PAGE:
De-mystifying the Magic Mousse

CurioCity
23 January 2012

Above: Image © Frisko, Wikimedia Commons

March 18, 2007

What do hair mousse and malaria mosquitoes have in common? Aerosol!

The first use of aerosol technology was way back during World War II, when aerosol cans were introduced as a way to apply an insecticide intended to combat the malaria mosquito. Now, we use aerosol cans for many applications, including as dispensers of foamy mousse to combat flat hair.

Although dispensing foamy mousse from a can seems magical, the mechanism can be explained using physical chemistry. The principle at work is pressure. Warning labels on aerosol containers say that contents inside the can are under pressure mean...and they don't joke! Product in an aerosol can is pushed out by a propellant. Inside a can, the propellant exists either as a gas above or as a liquefied gas distributed throughout the product.

In both cases, when the can's nozzle is pressed, the propellant forces the product out of the can to release pressure.

In the first case, the propellant is compressed into the small space above the product. The key to the propellant's function is compression. Gases expand to fill whatever container they're in; the larger the container, the lower the force exerted by colliding gas particles, and the lower the pressure. Compression occurs when many gas particles are packed into a small area, resulting in a greater force and pressure, due to increased collisions between particles. Gases that take liquid form when highly compressed are called liquefied gases, which are used in the second case.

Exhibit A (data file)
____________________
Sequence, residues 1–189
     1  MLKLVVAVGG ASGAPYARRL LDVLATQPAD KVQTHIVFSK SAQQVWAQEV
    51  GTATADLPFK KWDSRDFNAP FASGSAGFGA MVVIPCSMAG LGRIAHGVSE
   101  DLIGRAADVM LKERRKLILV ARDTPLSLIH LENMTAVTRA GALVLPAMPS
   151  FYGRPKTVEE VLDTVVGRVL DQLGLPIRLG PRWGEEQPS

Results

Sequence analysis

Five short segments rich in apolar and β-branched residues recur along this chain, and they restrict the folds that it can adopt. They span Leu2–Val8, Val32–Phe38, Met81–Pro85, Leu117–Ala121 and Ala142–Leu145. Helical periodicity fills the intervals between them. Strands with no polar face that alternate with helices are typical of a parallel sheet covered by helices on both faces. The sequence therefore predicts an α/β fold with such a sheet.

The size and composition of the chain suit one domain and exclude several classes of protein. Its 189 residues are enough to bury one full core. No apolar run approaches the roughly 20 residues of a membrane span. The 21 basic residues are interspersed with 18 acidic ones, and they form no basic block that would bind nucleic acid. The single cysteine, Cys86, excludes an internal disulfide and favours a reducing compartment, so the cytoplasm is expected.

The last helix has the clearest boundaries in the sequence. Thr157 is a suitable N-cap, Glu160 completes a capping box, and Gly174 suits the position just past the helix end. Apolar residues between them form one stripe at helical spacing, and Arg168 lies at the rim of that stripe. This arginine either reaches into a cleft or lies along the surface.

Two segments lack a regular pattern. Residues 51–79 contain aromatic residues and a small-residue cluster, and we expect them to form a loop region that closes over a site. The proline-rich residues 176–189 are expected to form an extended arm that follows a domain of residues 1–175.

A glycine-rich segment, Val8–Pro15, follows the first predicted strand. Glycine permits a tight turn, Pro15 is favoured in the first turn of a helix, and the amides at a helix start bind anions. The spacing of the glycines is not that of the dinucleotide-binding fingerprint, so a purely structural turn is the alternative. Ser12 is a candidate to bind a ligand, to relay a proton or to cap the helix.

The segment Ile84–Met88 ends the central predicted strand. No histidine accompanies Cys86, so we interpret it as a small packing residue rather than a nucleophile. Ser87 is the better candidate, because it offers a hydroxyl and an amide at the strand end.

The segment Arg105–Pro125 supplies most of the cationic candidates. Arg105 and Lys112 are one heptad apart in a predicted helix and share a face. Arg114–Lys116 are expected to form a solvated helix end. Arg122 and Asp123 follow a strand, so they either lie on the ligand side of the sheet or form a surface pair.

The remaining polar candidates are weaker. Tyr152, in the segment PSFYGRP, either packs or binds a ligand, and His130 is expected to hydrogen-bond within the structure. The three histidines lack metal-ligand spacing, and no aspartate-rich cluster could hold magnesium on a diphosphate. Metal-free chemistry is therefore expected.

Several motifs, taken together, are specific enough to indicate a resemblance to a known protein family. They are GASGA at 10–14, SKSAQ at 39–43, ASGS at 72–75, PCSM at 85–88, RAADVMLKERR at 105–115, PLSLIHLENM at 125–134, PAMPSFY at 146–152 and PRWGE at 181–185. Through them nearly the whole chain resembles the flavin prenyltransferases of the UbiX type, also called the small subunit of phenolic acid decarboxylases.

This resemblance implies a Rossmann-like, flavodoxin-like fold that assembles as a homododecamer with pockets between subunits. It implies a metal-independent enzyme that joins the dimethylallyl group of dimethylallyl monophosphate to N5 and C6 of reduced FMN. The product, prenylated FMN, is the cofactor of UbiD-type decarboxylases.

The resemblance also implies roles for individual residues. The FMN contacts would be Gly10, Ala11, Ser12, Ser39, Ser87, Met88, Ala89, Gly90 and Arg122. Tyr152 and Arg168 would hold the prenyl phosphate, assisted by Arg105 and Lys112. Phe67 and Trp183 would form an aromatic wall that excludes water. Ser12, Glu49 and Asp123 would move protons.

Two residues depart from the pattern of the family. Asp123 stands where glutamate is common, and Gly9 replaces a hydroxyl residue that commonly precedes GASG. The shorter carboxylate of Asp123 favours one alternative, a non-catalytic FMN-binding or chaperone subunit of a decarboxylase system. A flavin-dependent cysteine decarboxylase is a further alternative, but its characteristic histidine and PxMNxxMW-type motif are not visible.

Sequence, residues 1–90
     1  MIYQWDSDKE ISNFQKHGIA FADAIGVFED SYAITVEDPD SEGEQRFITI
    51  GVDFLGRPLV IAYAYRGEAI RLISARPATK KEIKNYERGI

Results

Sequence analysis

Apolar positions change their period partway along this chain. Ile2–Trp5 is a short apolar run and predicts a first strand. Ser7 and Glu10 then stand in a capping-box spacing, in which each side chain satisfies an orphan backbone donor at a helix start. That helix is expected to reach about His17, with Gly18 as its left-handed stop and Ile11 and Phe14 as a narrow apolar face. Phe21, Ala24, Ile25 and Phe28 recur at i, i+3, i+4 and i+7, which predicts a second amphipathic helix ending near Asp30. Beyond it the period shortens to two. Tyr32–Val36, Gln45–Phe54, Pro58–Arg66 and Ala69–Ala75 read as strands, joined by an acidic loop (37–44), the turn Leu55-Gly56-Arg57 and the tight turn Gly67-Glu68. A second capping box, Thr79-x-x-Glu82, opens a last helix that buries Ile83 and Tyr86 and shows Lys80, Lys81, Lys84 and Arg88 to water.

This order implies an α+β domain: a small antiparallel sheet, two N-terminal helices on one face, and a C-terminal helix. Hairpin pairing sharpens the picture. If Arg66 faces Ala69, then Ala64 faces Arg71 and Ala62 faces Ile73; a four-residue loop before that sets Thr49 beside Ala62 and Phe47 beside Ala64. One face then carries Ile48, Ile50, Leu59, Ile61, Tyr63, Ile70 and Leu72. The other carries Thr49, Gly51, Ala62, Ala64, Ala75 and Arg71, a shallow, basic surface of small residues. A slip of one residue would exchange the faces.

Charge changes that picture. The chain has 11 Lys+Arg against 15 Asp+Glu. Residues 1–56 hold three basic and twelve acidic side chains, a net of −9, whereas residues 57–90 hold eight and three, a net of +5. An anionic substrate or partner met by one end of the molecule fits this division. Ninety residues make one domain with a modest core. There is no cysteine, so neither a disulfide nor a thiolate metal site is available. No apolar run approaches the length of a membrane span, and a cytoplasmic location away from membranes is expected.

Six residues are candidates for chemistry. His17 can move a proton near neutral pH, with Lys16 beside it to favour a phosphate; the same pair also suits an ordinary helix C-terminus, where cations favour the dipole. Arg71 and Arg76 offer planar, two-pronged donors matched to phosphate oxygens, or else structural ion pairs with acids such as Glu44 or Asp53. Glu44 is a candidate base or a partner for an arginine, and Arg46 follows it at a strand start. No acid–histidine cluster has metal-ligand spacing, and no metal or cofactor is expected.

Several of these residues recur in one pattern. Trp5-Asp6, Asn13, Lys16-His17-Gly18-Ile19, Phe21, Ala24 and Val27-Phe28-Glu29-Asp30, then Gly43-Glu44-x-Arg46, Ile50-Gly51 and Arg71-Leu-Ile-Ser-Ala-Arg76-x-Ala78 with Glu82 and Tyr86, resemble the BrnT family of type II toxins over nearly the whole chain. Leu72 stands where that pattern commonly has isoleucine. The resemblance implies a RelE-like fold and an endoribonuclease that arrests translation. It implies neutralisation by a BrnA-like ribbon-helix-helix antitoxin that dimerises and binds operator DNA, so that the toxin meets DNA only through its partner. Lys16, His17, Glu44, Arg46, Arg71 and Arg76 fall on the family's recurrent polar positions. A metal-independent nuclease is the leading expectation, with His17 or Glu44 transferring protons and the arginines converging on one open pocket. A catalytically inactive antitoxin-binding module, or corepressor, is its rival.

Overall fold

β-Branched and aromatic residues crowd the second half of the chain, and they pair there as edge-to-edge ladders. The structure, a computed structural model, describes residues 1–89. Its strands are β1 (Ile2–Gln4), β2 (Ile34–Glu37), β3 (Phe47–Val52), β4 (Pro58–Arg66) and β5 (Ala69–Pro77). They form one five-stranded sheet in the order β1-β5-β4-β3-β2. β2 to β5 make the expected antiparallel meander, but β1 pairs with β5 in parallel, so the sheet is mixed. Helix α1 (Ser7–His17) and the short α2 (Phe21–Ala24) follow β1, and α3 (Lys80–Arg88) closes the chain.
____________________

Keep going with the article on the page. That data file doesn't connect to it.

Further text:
Did you know? The liquefied gas type of aerosol is commonly used for foams such as hair mousse.

How exactly is that foamy consistency achieved? Most aqueous (i.e. water-based) foams are composed of 95% gas and 5% liquid. As the product/propellant mixture leaves the can, this foam ratio is achieved because the liquefied gas is released from the high pressure environment and returns to its gaseous state. The gas particles fragment the liquid into a network of tiny bubbles; depending on how tightly the bubbles are packed, the foam can have part-gas, part-liquid and sometimes even part-solid properties.

The size and shape of the bubbles also impacts the foam's properties and resulting application. Strangely though, the behavior of foam is not predictable and much of what is known comes from trial and error.

Did You Know? No theories exist to design foam with a specific degree of stiffness.

However, surfactant additives are known to keep foams more rigid. Surfactants, which are commonly added to hair mousse, are complex molecules that act as wetting agents at the foam surface. They contain both hydrophobic (water repelling) and hydrophilic (water-loving) groups. Surfactants protect hydrophobic foam from water in the air and prevent it from collapsing. Chemical additives are used as surfactants in products such as hair mousse to provide stiffness..

Eventually, stiff foam releases its gas component to the air and the product returns to its original liquid state. This explains why hair mousse foam doesn't stay foamy once it's deposited and rubbed around on hair. When the mousse is applied to hair, the propellant gas evaporates and leaves the styling product, surfactant, and an improved hairdo, behind.

Hair mousse is fascinatingly foamy and seemingly magical, but in its essence it is the fashionable embodiment of physical chemistry!

Learn More

http://www.discover.com/issues/jun-02/departments/featphysics

http://science.nasa.gov/headlines/y2003/09jun_foam.htm

http://en.wikipedia.org/wiki/Foam

http://science.howstuffworks.com/aerosol-can.htm

Alison Palmer has a Bachelor of Science degree in chemistry from the University of British Columbia and recently completed a Master’s degree in chemical biology at McGill University. Her research involved modifying DNA to make it do tricks. She loves to talk and write about science and plans to pursue a career in science journalism.

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